Wednesday, February 7, 2007

Choosing your Pack:

Today my post is going to intersect in a lot of places. It's going to be part book review and part personal observation and by the end of it you may wonder what it has to do with writing, but I hope not. ;)

I'm reading a fantastic book right now called: "Blood and Chocolate" by: Annette Curtis Klause. I started reading it last night and if not for sheer exhaustion, probably wouldn't have put it down. A movie has been made about it and I was intrigued. It's a coming of age story, but that's not what makes it great. What makes it great is that it's about a werewolf named Vivian.

The last lines on the back of the cover sold me completely on this book: "What is she really - human or beast? Which tastes sweeter - blood or chocolate?"

I've always felt that vampire stories weren't really about "supernatural beings" but are about humans. What we long for: immortality, no sickness, power, youth. What we fear: those stronger than us, what lurks in the shadows, our darker selves. etc.

But until "Blood and Chocolate," I didn't really see werewolf stories as being "about people." Reading this though, I see that they are. Even the werewolf main character notes the pack mentality of human beings. And yet the central werewolf story in this novel...I read it and I get a sense of "otherness" but also a sense of "sameness."

It seems to be a giant mirror of what humanity is. Essentially, we are pack. We boast about our individuality while following trends set by others. We often "do what we want", but we deeply care what others think. Even those of us wearing the mask of "I don't care" cares what someone thinks. To not care what anyone thinks on any level is to separate yourself completely from society and not be a part anymore. And what is society? If not a large pack?

Human beings are incredibly complex in our social interactions. We have many units of social structure, ever widening circles that encompass different levels of human interaction. And yet this pack mentality exists and exists strongly. It goes by many names and has many philosophies attached but it is there. We don't long to be lone wolves. We long to connect but not lose the pieces of what makes us ourselves.

There are many packs. There are family, work, religious, and purely social units. And there are writers. Writers, while so solitary in our endeavors, seek very strongly to connect with others of our kind. We run in packs, be it critique groups or online groups.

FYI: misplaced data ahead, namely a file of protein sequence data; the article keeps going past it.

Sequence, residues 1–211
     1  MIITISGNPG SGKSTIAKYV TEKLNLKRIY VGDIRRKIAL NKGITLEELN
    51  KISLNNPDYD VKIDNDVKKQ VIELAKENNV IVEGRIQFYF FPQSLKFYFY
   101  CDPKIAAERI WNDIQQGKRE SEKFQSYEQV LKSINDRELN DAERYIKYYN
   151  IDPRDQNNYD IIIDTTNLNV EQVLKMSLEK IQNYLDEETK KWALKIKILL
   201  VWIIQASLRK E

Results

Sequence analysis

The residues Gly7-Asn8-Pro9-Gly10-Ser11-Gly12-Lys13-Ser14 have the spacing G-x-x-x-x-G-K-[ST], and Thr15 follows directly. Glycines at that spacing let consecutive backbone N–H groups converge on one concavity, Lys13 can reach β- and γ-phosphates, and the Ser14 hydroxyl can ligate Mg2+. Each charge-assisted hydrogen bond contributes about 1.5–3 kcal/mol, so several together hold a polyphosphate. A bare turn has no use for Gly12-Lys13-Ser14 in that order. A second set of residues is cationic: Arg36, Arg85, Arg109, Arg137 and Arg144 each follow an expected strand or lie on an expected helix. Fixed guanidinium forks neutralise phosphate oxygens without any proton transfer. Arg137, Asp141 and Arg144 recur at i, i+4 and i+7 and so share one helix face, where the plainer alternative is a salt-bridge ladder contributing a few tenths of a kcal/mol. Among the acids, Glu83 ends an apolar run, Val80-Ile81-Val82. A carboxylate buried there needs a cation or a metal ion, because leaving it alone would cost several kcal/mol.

I've noticed this pack mentality even more strongly in many online groups recently (both writing and nonwriting.) It seems usually small online groups that have known each other for awhile tend to see each other in terms of "family." And this word, family, it's comforting to us. Because we are so strongly social.

But "family" alone cannot be a selling point for the packs we choose to run with. There are many abusive families out there, many that will seek to tear you down rather than to build you up. Immature, emotionally stunted, and unhealthy families are a dime a dozen.

Like me, as a writer you probably feel almost compelled to interact with other writers, to have that connection and sense of community. But choose your pack wisely. So much of how you see yourself and others in this business will depend on it.

6 comments:

Edie said...

OMG, Zoe, this is a fabulous blog! I feel like the people I've hooked up with through Magical Musings are my community--my pack. What's great is that we attract positive people like you.

The nice thing about writers' packs is that if they start turning nasty, you can leave. With family it's a little harder.

I'm going to buy Blood and Chocolate. It sounds like a must read. And how can I resist a werewolf named Vivian? *g*

Liz Kreger said...

Excellent points, Zoe. I agree. Ultimately, humans are pack animals. Despite their individuality, they need that closeness, the sense of belonging. Even though writers tend to introverted, they still need to keep in touch with people of like mind.

Zoe Winters said...

hehe Edie, yes it's an AWESOME book! I don't know how positive I am. Lately I'm feeling downright snippy and really rethinking one of the groups I joined. Just way more drama than I care for. Plus people seem to think it's some badge of honor to continue to hang out in an environment like that. Like if you leave you just "can't take the heat." No, I don't want to watch people sling crap at one another, and then jump on me for pointing out that maybe we could be a bit more civil in an online forum.

Liz, Thanks! I'm not sure how introverted I am. I think I'm pretty extroverted, though I know I'm more introverted than I used to be. You can only be bitten so many times before you just start opening up less to people.

Cynthia Eden said...

Very insightful post, Zoe. And you know what? I think I'm going to have to read BLOOD AND CHOCOLATE now since it inspired you so much.

Anonymous said...

Haven't read the book or seen the movie. I've heard that if you like the book don't see the movie, it will ruin it like Eragon.

So, what about your geeky gaming pack?

Zoe Winters said...

Thanks Cynthia! Yes, this book is SOOOO good. The only trouble is...I'm having a hard time finishing it because I don't want it to end lol. It might not be like this for everyone...but for me, this is one of those books that has altered my perspective on life around me, not just given me a good story. And so it makes it that much more valuable to me.

Anonymous: (Mel) I know this is Mel because you are the only one who knows about my geeky gaming pack. ;) I heart my gaming pack heh.

And yeah...I know about movies and books, but I'm still going to watch the movie. ;) It might be my fanfic exposure but I can accept and appreciate two different versions of the same story. :)